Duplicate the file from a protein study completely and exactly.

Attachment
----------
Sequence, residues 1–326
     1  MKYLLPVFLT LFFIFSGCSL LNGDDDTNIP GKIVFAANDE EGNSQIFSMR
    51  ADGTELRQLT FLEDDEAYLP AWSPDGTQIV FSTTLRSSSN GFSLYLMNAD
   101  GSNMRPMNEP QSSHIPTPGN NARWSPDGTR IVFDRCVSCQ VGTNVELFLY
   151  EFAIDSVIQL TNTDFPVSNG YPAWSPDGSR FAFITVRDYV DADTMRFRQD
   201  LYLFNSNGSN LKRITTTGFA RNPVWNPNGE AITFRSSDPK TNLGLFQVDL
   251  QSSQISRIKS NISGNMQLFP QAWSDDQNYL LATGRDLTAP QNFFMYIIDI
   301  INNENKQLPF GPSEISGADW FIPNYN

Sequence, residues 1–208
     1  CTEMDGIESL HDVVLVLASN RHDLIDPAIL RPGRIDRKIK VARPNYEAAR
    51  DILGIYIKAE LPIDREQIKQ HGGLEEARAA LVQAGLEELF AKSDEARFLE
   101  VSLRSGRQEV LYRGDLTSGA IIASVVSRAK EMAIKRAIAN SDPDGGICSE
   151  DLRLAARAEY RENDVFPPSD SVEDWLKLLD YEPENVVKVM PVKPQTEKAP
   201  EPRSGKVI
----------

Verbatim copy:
Sequence, residues 1–326
     1  MKYLLPVFLT LFFIFSGCSL LNGDDDTNIP GKIVFAANDE EGNSQIFSMR
    51  ADGTELRQLT FLEDDEAYLP AWSPDGTQIV FSTTLRSSSN GFSLYLMNAD
   101  GSNMRPMNEP QSSHIPTPGN NARWSPDGTR IVFDRCVSCQ VGTNVELFLY
   151  EFAIDSVIQL TNTDFPVSNG YPAWSPDGSR FAFITVRDYV DADTMRFRQD
   201  LYLFNSNGSN LKRITTTGFA RNPVWNPNGE AITFRSSDPK TNLGLFQVDL
   251  QSSQISRIKS NISGNMQLFP QAWSDDQNYL LATGRDLTAP QNFFMYIIDI
   301  INNENKQLPF GPSEISGADW FIPNYN

Sequence, residues 1–208
     1  CTEMDGIESL HDVVLVLASN RHDLIDPAIL RPGRIDRKIK VARPNYEAAR
    51  DILGIYIKAE LPIDREQIKQ HGGLEEARAA LVQAGLEELF AKSDEARFLE
   101  VSLRSGRQEV LYRGDLTSGA IIASVVSRAK EMAIKRAIAN SDPDGGICSE
   151  DLRLAARAEY RENDVFPPSD SVEDWLKLLD YEPENVVKVM PVKPQTEKAP
   201  EPRSGKVI